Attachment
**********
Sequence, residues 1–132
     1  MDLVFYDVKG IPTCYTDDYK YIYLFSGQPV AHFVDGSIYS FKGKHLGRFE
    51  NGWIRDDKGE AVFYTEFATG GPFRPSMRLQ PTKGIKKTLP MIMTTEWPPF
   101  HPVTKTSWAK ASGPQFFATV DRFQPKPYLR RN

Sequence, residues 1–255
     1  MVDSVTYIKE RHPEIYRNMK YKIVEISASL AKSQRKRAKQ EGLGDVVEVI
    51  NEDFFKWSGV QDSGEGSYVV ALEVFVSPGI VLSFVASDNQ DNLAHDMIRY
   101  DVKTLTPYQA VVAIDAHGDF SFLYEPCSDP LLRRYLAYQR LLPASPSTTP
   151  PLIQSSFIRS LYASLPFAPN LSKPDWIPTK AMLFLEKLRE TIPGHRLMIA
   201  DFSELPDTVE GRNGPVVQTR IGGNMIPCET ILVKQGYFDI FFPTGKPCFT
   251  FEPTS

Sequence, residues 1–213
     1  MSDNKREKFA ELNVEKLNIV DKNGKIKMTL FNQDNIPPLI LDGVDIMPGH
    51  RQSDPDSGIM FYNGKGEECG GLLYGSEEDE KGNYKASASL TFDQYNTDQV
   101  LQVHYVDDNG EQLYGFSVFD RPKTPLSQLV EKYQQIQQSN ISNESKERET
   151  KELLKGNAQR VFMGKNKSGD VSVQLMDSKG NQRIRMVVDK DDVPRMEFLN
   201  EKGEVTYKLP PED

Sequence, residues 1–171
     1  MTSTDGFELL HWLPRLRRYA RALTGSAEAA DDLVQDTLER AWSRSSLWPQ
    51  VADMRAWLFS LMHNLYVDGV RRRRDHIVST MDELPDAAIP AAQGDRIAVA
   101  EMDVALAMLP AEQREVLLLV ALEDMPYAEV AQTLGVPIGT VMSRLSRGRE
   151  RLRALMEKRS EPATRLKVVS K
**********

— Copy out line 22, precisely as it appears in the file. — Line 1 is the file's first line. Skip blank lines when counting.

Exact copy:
   151  RLRALMEKRS EPATRLKVVS K